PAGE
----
Almost a million people rely on Medicaid for vital health services. At over $7.5 billion it is the costliest and fastest growing program. Yet, it is poorly run. It is easier for those in charge to save money by cutting people off health care than to change management practices.

The full audit of Medicaid shows that we don’t know on which programs money is spent. Private contractors, under broadly written contracts, do much of the program administration. There are more contract employees running Medicaid than state employees. Over $50 million in contract amendments were not competitively bid, were not tracked, and did not specify the sources of money used to pay for the amendments. The accounting, procurement and budgeting offices did not even know about the changes. Loose oversight led to a $2.7 million fine by the federal government.

Medicaid is not the only program that needs fixing. We need a new way of governing, a way that pays attention to detail and cares about performance and results.

We need to change management practices. I’d like to start with the management, budgeting and accounting systems. For too many years the state composted one system on top of another and pieced together systems that don’t provide the information we really need to effectively manage. We need to turn this around and connect dollars with specific results.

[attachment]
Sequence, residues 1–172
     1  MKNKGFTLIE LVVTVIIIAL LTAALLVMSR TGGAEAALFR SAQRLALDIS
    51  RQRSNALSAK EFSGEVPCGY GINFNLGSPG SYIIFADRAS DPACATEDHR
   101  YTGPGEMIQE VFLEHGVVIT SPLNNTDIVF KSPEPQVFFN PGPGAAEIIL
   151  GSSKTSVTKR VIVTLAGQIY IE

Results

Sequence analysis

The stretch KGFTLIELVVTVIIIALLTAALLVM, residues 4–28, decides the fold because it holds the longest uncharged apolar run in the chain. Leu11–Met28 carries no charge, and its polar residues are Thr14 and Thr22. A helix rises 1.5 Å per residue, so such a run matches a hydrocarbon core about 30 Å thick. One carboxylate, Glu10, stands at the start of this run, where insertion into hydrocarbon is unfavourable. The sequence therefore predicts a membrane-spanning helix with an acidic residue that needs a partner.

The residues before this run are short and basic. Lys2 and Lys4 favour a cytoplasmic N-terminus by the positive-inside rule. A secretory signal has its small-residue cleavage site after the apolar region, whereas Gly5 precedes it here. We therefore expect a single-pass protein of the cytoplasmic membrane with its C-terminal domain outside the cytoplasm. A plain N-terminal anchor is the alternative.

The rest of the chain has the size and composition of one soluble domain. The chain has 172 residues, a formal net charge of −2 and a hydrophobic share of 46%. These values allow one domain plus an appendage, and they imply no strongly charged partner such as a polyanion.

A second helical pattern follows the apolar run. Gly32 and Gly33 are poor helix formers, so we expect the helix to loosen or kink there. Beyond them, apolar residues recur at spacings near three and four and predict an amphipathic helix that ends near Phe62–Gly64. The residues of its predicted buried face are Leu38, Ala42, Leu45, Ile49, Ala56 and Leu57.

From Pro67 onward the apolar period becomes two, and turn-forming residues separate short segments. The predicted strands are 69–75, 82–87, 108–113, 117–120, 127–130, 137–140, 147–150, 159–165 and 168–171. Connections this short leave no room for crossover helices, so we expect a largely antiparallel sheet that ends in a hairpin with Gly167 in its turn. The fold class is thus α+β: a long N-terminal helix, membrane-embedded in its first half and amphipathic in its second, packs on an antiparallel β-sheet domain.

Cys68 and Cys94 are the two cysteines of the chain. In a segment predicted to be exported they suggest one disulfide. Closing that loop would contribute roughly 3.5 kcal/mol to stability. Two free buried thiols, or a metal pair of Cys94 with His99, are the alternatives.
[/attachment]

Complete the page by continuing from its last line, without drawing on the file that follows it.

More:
Recent press stories of fraud and abuse highlight problems with routine monitoring and recovery of fraudulent payments. Systems should be established to better monitor waste, fraud and abuse and more quickly recover improper payments.

Wisconsin is top heavy on administration. We have a Department of Administration with almost 1,000 employees. Responsibility and authority over spending, contracting, hiring and rulemaking should be returned to individual agencies. Those agencies and directors need to do their jobs and be responsible for results.

Too many are in state government because of their political connections, not their expertise. This must change. Too many contracts are not competitively bid. This also must change. The public should be able to look into the process of letting and paying for state contracts.

Contract deliverables, performance standards, and deadlines for completion should be included in all contracts. What is and is not delivered by contractors should be monitored and enforced.

Before soliciting bids, the cost effectiveness of contracting-out state services must be evaluated. Details of all contracts bid and entered into should be posted on the state website. Results and performance measures should be posted upon completion of contracts.

Wisconsin needs to encourage and reward suggestions from employees about ways to improve outcomes or lower costs. Much of the wisdom to solve complex state problems lies within the expertise of state staff. Let’s begin to solve the problems by rewarding these people for innovative solutions.